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At the heart of general practice since 1960

Advising a poor sleeper on melatonin

At Mr Smith's BP check his

wife suggests that she buys melatonin because he is sleeping badly. She asks if it mixes with his medication. Dr Melanie Wynne-Jones advises.

What is normal sleep?

By 50, many people get less than six hours sleep a night, and it becomes harder both to fall and stay asleep; daytime napping is also more common as we age. People whose natural circadian rhythm is longer or shorter than 24 hours may have problems with 'normal' sleep times.

Sleep disturbance or deprivation makes us irritable and clumsy: up to 30 per cent of serious road accidents may be due to driver fatigue1. In long-term sleep deprivation, mortality from myocardial infarction is increased.

What stops people getting to sleep?

 · Physical discomfort ­ pain, noise, too hot/cold, eating late, restless legs.

 · Too much mental or physical activity (sex is often an exception).

 · Stimulant chemicals ­ coffee, tea, chocolate, cola, cheese, nicotine or medication.

 · Poor sleep hygiene (see website).

 · Anxiety.

What wakes people in the night?

 · Environmental problems ­ heat/ cold, uncomfortable bed, snoring partner, too much light or noise.

 · Physical discomfort ­ pain, full bladder, indigestion, breathlessness, obstructive sleep apnoea, menopausal night sweats.

 · Too much alcohol ­ wakes the drinker up, often with sweats and tachycardia due to falling alcohol levels.

 · Depression ­ early-morning wakening (3am or 4am) is followed by wakefulness or intermittent dozing.

What is Mr Smith's problem?

A careful sleep history may reveal the cause and solution. What time does he go to bed and what is his pre-sleep routine? When does he get up, and does he wake before the alarm? Does he (or his wife) snore? Does he suffer from daytime sleepiness ­ is he a risk behind the wheel? Does he catch up on his sleep at weekends, or by cat-napping in the day and falling asleep in the evenings?

It is important to ask about other symptoms of anxiety and depression, and to inquire about problems at work or at home. Impotence and alcohol problems are common in middle-aged men, although impotence and/or his sleep problem may be due to the anti-hypertensives prescribed.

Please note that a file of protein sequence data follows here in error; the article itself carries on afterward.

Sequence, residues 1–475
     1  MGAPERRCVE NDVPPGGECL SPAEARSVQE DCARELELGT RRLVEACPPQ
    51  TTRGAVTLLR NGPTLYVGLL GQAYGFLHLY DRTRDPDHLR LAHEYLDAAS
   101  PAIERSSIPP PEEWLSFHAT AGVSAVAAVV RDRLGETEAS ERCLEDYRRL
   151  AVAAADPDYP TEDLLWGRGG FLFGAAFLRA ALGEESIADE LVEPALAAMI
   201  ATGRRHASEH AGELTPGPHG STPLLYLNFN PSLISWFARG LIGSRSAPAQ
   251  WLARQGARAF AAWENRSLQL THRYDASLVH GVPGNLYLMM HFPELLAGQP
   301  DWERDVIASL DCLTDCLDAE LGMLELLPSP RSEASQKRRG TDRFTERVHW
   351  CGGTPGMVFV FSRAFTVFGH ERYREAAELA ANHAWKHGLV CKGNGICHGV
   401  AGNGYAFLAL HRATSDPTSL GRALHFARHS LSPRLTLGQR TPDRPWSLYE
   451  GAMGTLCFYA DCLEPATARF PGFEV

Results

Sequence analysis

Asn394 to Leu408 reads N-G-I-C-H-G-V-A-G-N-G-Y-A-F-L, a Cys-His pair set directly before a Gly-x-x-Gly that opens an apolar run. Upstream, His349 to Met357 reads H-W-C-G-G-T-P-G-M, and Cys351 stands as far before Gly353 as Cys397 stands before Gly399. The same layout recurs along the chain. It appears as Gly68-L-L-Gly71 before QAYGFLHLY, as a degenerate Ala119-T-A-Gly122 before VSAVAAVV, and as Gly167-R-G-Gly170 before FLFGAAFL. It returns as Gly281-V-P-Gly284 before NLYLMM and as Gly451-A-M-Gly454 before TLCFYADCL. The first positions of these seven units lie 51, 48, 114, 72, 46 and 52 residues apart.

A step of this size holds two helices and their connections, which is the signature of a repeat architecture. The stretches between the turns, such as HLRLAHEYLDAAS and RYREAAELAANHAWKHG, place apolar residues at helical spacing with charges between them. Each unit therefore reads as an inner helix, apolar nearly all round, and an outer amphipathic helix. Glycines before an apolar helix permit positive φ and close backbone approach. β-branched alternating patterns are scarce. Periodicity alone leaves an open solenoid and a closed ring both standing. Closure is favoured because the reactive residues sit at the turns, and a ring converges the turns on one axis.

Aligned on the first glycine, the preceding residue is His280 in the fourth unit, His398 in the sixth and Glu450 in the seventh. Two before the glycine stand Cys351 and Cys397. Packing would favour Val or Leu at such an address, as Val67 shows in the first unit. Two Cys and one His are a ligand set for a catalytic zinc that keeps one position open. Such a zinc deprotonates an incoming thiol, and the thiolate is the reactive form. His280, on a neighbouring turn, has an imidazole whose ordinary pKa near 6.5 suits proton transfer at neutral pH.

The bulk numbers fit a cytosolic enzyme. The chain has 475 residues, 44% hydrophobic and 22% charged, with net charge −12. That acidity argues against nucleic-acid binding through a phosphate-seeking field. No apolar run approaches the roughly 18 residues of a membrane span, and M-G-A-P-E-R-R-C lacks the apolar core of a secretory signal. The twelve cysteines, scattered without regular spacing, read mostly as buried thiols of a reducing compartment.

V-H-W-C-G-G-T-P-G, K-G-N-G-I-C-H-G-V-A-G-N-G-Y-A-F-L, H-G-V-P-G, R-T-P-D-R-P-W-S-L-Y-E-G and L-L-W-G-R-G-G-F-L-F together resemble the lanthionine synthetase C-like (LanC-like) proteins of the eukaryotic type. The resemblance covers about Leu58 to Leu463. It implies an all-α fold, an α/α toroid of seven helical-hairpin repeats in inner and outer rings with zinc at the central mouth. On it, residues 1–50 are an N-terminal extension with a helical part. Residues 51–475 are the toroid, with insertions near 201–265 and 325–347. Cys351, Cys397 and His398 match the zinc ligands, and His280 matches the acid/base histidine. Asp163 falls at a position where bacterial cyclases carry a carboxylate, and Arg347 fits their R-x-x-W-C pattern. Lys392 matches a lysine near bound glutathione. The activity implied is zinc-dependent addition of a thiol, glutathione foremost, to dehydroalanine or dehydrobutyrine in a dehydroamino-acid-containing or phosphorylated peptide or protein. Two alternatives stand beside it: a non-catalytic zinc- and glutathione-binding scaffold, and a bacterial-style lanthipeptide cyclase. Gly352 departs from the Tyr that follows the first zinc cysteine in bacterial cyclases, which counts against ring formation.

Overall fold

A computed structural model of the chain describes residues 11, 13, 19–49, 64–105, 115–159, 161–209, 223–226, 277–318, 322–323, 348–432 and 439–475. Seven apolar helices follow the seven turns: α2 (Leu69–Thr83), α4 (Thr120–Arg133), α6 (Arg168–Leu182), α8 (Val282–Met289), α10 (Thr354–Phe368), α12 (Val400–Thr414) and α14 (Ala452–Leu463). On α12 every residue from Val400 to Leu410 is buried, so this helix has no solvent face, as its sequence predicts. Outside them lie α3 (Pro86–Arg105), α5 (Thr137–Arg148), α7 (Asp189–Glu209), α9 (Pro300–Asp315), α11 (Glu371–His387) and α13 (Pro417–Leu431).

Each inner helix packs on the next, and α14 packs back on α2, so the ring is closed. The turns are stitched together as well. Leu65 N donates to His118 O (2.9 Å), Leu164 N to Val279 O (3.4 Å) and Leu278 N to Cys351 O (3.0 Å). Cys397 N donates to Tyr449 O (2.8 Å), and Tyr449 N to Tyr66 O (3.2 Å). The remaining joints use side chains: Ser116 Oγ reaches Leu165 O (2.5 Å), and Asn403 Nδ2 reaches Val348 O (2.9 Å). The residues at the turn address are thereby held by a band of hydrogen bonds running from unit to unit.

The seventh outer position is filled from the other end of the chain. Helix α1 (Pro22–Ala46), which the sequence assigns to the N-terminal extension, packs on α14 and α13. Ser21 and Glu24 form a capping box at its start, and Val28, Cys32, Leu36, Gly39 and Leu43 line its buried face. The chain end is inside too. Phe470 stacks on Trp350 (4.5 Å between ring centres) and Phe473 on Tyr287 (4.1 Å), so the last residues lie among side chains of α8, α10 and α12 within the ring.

It may be appropriate to examine him. If he is overweight, snores, and has a large collar size, consider obstructive sleep apnoea. Check for diabetes or prostatic enlargement if he has nocturia, and heart failure or asthma if he is breathless.

Referral to a sleep clinic for sleep studies may be worthwhile for some.

Should Mr Smith Take melatonin?

Melatonin has attracted a following for insomnia and the relief of jet-lag, but its full range of actions and interactions are uncertain, and although it is obtainable, it is not licensed as a medicine in the UK.

What about sleeping tablets?

These can be a short-term solution for acute stress, but have side-effects and are potentially addictive, so rarely appropriate long-term. Cognitive behaviour therapy is claimed to work in some insomniacs2, but some people are simply habitually poor sleepers.

Drugs that can interfere with sleep

l?-blockers

 · Thyroxine

 · Steroids

 · Painkillers containing caffeine

 · Diuretics (nocturia, night cramps)

 · Stimulants such as decongestants and bronchodilators

 · Some statins

 · Some SSRI antidepressants

 · Some tranquillisers produce

paradoxical agitation

Key points

 · Sleep complaints are common

 · A careful sleep history should identify contributory causes and possible solutions

 · Depression, alcohol or medication are often to blame

 · Good sleep hygiene is important; sleeping tablets are rarely appropriate

clinical casebook

References

1 Connor J et al. Driver sleepiness and risk of serious injury to car occupants: population-based case-control study.

BMJ 2002;324:1125

2 Espie CA. What insomniacs need is cognitive behaviour therapy. BMJ 2002;324:288-94

Website

Useful tips about sleep hygiene for patients can be found at:

www.umm.edu/sleep/sleep-hyg.html

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